Employers struggle to attract, retain quality employees
By Amanda McGrory
Seventy-two percent of global employers are still struggling with attracting and retaining critical-skill employees while 60 percent are having trouble attracting and retaining high-potential employees that they believe are necessary to increase their global competitiveness, according to a new survey conducted by global professional services company Towers Watson and WorldatWork, an international association of human resources professionals.
“The demand for the best talent is as strong as ever, especially given a challenging economy and heightened global competition,” says Laura Sejen, global leader of rewards at Towers Watson. “But many employers are not taking advantage of opportunities to attract, retain and engage high-value employees by offering a work environment and the total rewards programs that are most important to them. In fact, there appears to be a mismatch between what employers are offering and what employees are looking for. Employees, including top talent, are more focused on competitive base pay and job security. Employers, on the other hand, are emphasizing other items, such as challenging work, and their mission, vision and values.”
Another 48 percent of respondents report that their employees are often under excessive pressure in the workplace while 53 percent of respondents say their employees worked more hours than usual over the past three years. Forty-three percent of respondents say they believe employees will maintain that pace for another three years.
Respondents in the United States report even higher stress levels as 61 percent of respondents say employees are facing excessive pressure on in their positions, and 71 percent of U. S. respondents say employees are working more hours with 63 percent of U.S. respondents anticipating that to continue over the next three years.
For assessing performance management, 51 percent of U.S. respondents consider their performance management processes to effectively connect salary growth with individual performance results as opposed to 62 percent of global respondents. Among the U.S. respondents, 44 percent say they effectively link bonus payouts with individual performance while 65 percent of global respondents say so.
Regarding managers involvement in the performance management process, 37 percent of U.S. respondents report that they are significantly less effective at defining individual performance goals while 52 percent of global respondents agree, and another 24 percent of U.S. respondents say managers provide employees consistent coaching and feedback as opposed to 39 percent of global respondents. When it comes to conducting career development discussions, 19 percent of U.S. respondents report doing so in comparison with 33 percent of global respondents.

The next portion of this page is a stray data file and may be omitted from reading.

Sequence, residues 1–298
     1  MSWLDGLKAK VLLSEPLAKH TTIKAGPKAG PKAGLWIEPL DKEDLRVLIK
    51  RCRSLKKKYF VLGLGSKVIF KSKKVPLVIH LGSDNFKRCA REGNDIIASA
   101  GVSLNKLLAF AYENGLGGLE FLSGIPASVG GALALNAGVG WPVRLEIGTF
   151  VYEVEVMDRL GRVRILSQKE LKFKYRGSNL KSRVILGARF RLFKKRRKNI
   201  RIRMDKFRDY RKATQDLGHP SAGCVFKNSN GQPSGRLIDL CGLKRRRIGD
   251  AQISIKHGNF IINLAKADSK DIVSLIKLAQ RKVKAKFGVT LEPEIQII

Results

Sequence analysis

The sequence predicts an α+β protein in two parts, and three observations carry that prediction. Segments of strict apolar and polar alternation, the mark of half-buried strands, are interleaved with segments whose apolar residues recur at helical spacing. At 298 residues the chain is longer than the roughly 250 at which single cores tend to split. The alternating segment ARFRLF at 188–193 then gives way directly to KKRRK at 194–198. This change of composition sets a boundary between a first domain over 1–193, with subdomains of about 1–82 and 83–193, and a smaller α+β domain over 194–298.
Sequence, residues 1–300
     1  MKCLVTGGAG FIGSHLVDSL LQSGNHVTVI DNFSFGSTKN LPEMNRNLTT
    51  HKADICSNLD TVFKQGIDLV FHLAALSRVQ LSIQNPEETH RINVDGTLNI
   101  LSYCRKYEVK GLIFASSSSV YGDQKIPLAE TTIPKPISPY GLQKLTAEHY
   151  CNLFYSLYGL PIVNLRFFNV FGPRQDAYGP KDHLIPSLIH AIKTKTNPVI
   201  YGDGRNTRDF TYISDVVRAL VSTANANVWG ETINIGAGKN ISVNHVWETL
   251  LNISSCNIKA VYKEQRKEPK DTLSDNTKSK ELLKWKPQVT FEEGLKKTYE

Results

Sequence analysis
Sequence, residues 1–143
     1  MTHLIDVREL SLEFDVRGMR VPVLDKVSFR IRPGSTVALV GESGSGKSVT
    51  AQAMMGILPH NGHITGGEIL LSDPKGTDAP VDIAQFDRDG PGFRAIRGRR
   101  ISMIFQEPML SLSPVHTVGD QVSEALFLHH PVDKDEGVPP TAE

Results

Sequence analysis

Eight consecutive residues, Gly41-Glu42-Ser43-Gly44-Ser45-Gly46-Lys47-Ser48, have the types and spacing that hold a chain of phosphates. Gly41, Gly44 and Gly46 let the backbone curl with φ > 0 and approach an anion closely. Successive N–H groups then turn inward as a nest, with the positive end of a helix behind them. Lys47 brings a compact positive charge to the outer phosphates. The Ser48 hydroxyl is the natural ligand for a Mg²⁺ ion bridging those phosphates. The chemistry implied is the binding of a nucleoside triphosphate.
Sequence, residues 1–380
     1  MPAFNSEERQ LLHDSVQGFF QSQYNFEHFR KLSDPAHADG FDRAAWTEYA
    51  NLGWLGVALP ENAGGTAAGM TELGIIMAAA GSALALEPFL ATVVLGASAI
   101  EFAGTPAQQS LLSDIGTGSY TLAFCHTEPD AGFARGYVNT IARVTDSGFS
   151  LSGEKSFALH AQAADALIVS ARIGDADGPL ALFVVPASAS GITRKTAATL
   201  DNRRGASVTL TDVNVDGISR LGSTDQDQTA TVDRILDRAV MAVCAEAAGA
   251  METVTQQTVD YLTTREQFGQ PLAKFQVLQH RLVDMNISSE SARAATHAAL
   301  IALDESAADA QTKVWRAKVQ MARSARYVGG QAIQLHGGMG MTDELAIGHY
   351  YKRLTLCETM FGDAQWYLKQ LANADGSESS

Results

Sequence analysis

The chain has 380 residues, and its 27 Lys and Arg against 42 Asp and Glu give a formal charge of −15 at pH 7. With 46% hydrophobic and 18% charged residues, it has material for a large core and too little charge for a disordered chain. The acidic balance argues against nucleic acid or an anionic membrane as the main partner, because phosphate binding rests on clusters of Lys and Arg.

Despite this, leadership management programs among U.S. respondents earn higher marks than global respondents. In fact, 95 percent of U.S. respondents say their leadership development programs support their organization’s culture compared with 84 percent of global respondents. Another two-thirds of U.S. respondents report having formal leadership development programs.
“As U.S. employers seek to grow profitably during a period of economic volatility, their focus needs to be on crafting an employee value proposition that helps to attract and retain talented and critical-skill employees while also engaging the broader work force,” says Laurie Bienstock, North America rewards leader at Towers Watson. “Plus, organizations need to position themselves for future success over the next five to 10 years. Effective leadership development, performance management and succession-planning programs will be keys to getting it right. U.S. employers give themselves lower marks compared to the global norms and need to take action to strengthen the process and outcomes.”
Originally published on BenefitsPro.com